They have been awarded the Wolfson Innovate prize and Un Ltd UK ‘Do It’ Award through the University Oxford. They are one of the three enterprises to be awarded the ‘Young Entrepreneurs in Agriculture’ award by the Louis Dreyfus Foundation.
Target audience and revenue
It is safe to say that BubblenutWash’s current target segment is babies! Infants have the most sensitive skin. Chemical residue (from detergents) in their clothes and diapers can cause rashes and irritation on their skin. Babies also tend to chew on bedsheets, towels, etc., which can lead to ingestion of chemical residues.
BubblenutWash’s baby safe detergent is currently available in India and UK. A liquid laundry detergent and a liquid dishwasher are soon to be launched. Over the next five years, Manas plans to roll out more products that are made using forest products. Manas adds, “Eventually, we want to make BubblenutWash so affordable and easy to use that there would not be an excuse for consumers to go for a chemical-based detergent.”
With the price of BubblebutWash being higher than soap and detergent segment in the market, why should a customer opt for it? Manas quips,
One should opt for BubblenutWash for the same reason why one should adopt for a glass of fresh juice or milk over a bottle of carbonated drink.
Revenue comes from sales of BubblenutWash. The University of Oxford gave an initial grant to pilot the project. Recently, the Louis Dreyfus Foundation awarded them a grant to work with rural communities.
Each soapnut tree can provide a passive income of Rs 1500–2000 to a farmer. Manas says that farmers with a handful of soapnut trees in their backyard can earn Rs 8000–10,000 a year without much effort, which is same as what a farmer makes from an acre of land in Odisha. Manas adds, “So there is a chance we can double farm income when we scale up. This year our target is to reach 100 farming households.”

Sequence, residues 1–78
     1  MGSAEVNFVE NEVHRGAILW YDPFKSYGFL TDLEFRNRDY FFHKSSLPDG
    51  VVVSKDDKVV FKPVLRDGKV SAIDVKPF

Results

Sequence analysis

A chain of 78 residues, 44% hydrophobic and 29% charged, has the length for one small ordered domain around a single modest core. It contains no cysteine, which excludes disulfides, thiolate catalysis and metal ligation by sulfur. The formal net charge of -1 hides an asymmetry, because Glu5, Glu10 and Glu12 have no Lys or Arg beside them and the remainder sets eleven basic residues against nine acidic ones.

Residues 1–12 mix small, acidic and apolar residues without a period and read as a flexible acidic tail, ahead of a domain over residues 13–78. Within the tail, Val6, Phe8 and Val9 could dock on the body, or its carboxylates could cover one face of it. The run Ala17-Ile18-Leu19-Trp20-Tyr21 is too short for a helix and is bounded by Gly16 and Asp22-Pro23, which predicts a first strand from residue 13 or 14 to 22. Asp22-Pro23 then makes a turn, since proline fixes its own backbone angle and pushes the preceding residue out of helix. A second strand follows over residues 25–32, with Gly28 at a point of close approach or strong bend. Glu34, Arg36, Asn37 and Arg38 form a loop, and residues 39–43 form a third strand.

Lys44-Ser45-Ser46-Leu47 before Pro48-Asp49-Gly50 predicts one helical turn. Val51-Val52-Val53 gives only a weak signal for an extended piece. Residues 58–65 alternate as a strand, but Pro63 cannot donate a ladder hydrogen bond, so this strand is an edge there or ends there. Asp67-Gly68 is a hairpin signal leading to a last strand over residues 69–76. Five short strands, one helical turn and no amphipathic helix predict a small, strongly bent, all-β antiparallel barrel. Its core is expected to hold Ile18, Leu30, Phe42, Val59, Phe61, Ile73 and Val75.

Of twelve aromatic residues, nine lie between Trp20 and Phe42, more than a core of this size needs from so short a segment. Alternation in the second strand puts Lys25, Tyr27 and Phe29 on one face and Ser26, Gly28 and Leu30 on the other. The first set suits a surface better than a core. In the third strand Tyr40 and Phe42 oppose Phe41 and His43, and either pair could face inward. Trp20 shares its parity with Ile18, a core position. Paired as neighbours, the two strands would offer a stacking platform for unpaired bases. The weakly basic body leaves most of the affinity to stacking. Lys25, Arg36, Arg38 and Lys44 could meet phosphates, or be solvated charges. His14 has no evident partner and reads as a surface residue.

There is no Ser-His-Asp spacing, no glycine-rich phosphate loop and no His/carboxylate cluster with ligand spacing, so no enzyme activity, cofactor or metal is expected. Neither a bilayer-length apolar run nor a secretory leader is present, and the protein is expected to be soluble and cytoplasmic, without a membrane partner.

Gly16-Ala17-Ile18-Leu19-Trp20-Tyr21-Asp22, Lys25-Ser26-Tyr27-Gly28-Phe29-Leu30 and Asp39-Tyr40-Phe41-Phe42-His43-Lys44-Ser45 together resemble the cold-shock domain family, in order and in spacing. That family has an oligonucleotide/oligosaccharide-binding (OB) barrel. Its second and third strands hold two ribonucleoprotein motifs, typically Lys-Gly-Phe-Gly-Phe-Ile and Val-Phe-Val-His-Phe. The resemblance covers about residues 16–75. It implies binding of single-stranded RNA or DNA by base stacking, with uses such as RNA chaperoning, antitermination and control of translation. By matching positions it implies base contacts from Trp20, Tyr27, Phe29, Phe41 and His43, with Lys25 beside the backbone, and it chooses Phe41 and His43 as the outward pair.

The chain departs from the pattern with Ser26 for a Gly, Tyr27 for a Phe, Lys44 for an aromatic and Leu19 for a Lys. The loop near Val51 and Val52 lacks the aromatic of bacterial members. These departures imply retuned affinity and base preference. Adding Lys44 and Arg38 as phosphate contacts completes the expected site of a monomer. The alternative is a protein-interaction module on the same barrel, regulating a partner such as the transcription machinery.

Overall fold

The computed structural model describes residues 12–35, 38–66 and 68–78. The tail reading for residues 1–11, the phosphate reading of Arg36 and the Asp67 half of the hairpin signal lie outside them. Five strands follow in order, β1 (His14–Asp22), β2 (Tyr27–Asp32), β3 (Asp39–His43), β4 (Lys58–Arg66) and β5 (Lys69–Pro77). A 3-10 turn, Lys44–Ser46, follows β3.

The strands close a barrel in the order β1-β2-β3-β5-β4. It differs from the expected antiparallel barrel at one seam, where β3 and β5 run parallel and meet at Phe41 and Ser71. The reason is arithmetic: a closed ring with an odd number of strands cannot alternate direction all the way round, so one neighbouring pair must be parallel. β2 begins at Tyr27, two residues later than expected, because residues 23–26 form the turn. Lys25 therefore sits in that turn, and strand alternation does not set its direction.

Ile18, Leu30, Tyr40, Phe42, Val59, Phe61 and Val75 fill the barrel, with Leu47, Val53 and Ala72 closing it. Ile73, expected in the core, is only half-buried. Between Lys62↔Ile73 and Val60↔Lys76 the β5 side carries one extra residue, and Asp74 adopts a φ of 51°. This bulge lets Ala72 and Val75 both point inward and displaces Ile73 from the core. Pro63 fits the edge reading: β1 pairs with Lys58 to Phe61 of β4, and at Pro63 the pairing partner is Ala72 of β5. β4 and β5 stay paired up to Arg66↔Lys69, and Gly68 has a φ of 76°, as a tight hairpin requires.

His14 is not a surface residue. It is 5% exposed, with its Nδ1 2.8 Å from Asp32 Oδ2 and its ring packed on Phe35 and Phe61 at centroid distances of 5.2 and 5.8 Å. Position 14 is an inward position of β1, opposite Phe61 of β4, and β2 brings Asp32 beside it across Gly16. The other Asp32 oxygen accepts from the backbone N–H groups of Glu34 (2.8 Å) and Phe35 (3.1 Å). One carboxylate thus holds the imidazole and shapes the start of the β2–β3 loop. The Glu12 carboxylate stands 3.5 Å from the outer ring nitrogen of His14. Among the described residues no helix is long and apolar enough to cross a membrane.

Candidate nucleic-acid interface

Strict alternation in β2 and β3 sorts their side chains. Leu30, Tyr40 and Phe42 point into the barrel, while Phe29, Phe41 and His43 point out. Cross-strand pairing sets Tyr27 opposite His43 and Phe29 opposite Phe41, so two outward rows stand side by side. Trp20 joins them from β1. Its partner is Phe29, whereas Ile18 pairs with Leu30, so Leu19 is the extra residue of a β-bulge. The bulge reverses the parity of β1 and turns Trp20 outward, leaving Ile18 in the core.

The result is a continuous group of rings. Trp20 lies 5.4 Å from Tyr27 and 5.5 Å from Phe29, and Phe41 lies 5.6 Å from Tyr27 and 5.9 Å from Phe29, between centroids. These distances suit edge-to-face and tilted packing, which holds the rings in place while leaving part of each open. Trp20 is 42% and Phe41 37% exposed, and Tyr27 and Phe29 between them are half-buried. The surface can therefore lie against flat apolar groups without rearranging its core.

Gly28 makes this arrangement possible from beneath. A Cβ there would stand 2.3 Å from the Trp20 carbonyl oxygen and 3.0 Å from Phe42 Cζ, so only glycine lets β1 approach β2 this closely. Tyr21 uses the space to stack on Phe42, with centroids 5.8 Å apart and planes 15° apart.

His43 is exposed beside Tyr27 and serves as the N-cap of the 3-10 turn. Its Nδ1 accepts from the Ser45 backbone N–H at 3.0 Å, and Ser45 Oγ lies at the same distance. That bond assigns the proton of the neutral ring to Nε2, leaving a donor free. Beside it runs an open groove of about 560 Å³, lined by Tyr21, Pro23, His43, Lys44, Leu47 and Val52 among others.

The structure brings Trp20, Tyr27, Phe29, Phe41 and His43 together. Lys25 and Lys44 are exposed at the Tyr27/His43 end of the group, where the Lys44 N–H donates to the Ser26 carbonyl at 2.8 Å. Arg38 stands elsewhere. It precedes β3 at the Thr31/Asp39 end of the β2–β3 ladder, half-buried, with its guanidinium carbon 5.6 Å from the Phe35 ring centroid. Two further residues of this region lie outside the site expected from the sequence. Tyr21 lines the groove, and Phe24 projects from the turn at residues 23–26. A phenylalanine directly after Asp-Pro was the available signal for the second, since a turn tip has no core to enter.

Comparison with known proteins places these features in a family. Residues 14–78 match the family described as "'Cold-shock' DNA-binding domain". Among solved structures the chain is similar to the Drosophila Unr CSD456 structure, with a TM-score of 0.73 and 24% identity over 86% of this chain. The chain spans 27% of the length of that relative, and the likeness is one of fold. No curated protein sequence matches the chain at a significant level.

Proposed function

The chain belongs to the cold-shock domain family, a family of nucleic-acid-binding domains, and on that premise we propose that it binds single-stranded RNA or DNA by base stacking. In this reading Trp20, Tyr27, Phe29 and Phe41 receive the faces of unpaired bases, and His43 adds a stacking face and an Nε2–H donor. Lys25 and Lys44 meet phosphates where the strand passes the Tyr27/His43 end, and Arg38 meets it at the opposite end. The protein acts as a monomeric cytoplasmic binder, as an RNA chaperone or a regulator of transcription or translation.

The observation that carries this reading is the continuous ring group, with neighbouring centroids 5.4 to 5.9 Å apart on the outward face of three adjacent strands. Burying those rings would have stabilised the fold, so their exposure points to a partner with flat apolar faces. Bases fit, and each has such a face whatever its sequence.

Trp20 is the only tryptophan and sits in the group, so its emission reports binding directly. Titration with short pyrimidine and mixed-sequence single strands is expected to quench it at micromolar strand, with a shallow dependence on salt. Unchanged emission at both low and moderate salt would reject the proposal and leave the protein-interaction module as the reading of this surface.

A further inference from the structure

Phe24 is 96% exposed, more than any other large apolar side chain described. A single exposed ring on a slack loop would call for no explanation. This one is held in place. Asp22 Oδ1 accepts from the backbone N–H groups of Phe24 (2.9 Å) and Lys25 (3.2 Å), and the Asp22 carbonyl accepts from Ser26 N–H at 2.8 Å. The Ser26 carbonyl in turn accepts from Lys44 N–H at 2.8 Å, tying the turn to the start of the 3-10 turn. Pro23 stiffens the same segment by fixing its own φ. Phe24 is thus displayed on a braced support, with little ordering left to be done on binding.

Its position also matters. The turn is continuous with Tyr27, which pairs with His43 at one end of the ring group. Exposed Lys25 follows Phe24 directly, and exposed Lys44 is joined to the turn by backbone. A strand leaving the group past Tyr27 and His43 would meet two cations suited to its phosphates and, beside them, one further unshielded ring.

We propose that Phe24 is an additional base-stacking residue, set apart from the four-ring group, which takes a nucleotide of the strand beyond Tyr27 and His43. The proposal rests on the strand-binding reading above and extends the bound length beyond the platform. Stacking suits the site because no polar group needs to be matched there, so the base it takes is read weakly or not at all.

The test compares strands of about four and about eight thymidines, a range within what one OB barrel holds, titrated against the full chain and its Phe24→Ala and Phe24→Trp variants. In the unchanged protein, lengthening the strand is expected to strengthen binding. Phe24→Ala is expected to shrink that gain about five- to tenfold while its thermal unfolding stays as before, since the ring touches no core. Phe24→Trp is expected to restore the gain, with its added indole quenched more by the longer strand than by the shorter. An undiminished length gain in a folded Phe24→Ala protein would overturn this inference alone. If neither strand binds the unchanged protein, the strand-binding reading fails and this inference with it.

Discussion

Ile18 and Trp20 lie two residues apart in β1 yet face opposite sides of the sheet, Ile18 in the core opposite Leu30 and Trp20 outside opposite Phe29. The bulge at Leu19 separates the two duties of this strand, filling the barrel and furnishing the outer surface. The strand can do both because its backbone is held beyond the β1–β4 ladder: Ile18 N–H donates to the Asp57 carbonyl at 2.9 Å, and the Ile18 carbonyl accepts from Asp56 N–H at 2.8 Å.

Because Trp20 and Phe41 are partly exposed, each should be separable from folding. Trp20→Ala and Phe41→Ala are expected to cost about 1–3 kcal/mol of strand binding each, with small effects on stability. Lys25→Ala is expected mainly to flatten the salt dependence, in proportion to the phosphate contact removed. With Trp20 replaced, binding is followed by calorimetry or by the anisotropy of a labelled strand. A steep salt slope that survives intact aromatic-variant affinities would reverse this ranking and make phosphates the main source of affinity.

Challenges in social entrepreneurship
Manas lists three major challenges. Firstly, he says, there is a general scarcity of risk capital in the social space. Existing social investment funds have capital to invest, however, they are only willing to come onboard when the enterprise has made fair of progress. Manas adds, “It’s a chicken and egg story as one cannot progress much without infusion of capital.”
Secondly, the average cost of service delivery is higher in the social impact space as you are operating in unknown, unpredictable, and underdeveloped environments. Thus, there needs to be some form of ‘experiment grant capital’ in the early years. Manas gives an example to elucidate his point,
We could simply order soapnuts from a trader sitting in Delhi just over the phone and Internet. But we have taken a conscious call to buy directly from communities and even handhold communities by forming producer groups. That spreads us thin as we divide our resources in creating demand for the product as well as create a supply chain amidst remote areas.
Lastly, he says that it is challenging to recruit people who echo the same passion and are willing to get their hands dirty in the absence of a market rate salary.
Worth the struggle
The road is rocky, but what keeps Manas going is the sheer joy on the faces of the farmers who are associated with BubblebutWash. Manas narrates an incident, “One farmer told me he had planted a few soapnut trees in his backyard in 1983 on his brother’s recommendation and vision that there will be a time when the world would know the value of this special fruit. The farmer never bothered to collect soapnuts in the last 30 years. When I asked him if he could sell some to us, he said emotionally that his elder brother’s foresight had been proven right. It was extremely special to know that we’re making a difference in these underserved farmer communities.”
Manas dreams of creating an ethical economy around forest products so that there are compelling economic incentives for stakeholders such as government, rural communities, and consumers to conserve forest resources instead of being chopped for timber or leased for open mining.